The Germans thrived with the Deutsche mark, which was rather strong. I am not sure if Germany’s relative economic success has to do with the currency in principle or with the idea that one should work and save. There seems to be a laudable work ethic in Germany. Maybe that explains it more than does currency value.
Can you explain the famous wealth effect?
This is a very fancy concept. As posited by the scholars at the Fed, the portfolio balance channel is a technique by which people are led to consume more by way of owning more. If the stock market goes up, they will feel richer and they go out to dinner and a movie.
Isn’t this circular and backward?
Right. I think the idea is that you feel so smart and so wealthy because of appreciating asset prices that you are led to consume more. I think the empirical evidence for this wealth effect is very, very slight. And I read some very persuasive arguments saying it doesn’t exist.
Inasmuch as it has contributed to this country’s well-being it has helped the people who didn’t really need the contribution. It has done very well for the rich.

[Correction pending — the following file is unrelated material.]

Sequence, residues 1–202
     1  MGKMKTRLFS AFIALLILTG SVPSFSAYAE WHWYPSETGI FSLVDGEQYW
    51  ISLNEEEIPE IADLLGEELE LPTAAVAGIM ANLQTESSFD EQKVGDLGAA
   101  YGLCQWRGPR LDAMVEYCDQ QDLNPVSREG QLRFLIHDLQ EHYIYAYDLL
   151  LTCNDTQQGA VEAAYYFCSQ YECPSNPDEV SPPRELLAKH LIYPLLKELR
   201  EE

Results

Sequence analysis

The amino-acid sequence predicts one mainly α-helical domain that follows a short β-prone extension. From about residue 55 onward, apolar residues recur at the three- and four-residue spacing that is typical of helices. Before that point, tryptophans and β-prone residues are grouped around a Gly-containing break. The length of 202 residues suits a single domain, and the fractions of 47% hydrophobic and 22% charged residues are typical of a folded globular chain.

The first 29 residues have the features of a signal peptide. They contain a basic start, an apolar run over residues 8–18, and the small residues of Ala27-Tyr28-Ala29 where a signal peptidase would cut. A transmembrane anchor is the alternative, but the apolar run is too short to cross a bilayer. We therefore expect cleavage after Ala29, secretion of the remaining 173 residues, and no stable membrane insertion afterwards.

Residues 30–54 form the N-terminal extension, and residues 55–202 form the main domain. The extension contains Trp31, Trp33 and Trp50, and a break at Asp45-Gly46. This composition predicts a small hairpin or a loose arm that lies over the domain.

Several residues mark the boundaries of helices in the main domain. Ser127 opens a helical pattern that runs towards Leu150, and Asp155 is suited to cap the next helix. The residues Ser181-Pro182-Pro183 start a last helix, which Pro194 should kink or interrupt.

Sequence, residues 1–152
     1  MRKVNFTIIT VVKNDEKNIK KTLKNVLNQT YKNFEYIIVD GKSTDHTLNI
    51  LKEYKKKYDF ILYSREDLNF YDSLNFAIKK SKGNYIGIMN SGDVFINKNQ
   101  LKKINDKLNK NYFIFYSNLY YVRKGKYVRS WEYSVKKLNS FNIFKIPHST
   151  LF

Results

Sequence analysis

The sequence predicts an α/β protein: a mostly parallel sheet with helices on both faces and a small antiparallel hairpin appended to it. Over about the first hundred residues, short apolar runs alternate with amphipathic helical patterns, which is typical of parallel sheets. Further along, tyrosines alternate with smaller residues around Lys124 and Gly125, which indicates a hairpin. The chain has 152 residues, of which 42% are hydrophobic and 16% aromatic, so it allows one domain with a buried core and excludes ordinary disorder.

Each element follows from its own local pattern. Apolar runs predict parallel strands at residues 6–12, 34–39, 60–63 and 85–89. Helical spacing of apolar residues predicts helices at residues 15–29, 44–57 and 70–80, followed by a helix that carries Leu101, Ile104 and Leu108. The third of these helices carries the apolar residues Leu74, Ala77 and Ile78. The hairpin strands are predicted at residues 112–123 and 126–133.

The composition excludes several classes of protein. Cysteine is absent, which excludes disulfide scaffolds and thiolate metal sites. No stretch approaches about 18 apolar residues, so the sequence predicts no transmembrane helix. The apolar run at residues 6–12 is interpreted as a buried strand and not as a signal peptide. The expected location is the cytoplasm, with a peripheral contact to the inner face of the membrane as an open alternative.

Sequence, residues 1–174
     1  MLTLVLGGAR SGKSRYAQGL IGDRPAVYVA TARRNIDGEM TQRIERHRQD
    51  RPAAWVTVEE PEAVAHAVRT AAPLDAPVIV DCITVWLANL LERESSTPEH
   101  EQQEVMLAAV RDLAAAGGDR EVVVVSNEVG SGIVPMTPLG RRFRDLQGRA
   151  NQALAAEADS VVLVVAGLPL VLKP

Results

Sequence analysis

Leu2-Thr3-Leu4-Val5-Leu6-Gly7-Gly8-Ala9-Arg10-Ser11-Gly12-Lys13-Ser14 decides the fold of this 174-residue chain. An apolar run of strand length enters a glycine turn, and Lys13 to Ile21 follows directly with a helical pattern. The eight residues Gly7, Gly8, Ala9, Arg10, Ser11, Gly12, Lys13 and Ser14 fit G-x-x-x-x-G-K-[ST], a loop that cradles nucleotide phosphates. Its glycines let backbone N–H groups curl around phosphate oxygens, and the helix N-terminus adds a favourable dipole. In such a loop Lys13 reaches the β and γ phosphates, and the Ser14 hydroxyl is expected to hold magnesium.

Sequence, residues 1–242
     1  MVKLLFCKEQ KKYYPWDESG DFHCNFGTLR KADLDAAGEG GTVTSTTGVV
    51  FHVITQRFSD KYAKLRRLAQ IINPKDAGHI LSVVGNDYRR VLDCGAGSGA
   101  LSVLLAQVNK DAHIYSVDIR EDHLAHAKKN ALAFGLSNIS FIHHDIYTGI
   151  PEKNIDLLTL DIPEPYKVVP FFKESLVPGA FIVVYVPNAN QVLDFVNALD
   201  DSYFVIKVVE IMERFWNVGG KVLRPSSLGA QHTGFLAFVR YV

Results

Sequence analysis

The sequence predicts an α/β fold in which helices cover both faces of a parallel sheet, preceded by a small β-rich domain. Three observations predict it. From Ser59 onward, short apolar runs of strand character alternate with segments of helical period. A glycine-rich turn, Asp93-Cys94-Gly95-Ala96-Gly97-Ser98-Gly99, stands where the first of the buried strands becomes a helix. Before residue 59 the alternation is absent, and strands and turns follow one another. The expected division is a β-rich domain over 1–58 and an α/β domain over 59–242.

Please explain the connection between low rates and economic potential.
It speaks to a sterility of capital. If capital yields nothing, which is what it does these days, what does that say about commercial opportunities and returns to investment capital?
So why are these returns so low?
I suspect it has to do with the policies of the central bank but also with the psychology these policies have instilled: All this talk about deflation and near-depression and crisis.
It’s been six years and it seems to me the Fed has done us no favor by keeping alive this idea we are in a perennial crisis, “a new normal.” I dispute that.
James Grant is the founder of Grant’s Interest Observer, a New York-based provider of investment research. He is the author of numerous books on finance as well as several biographies.
The interview has been edited for brevity and clarity.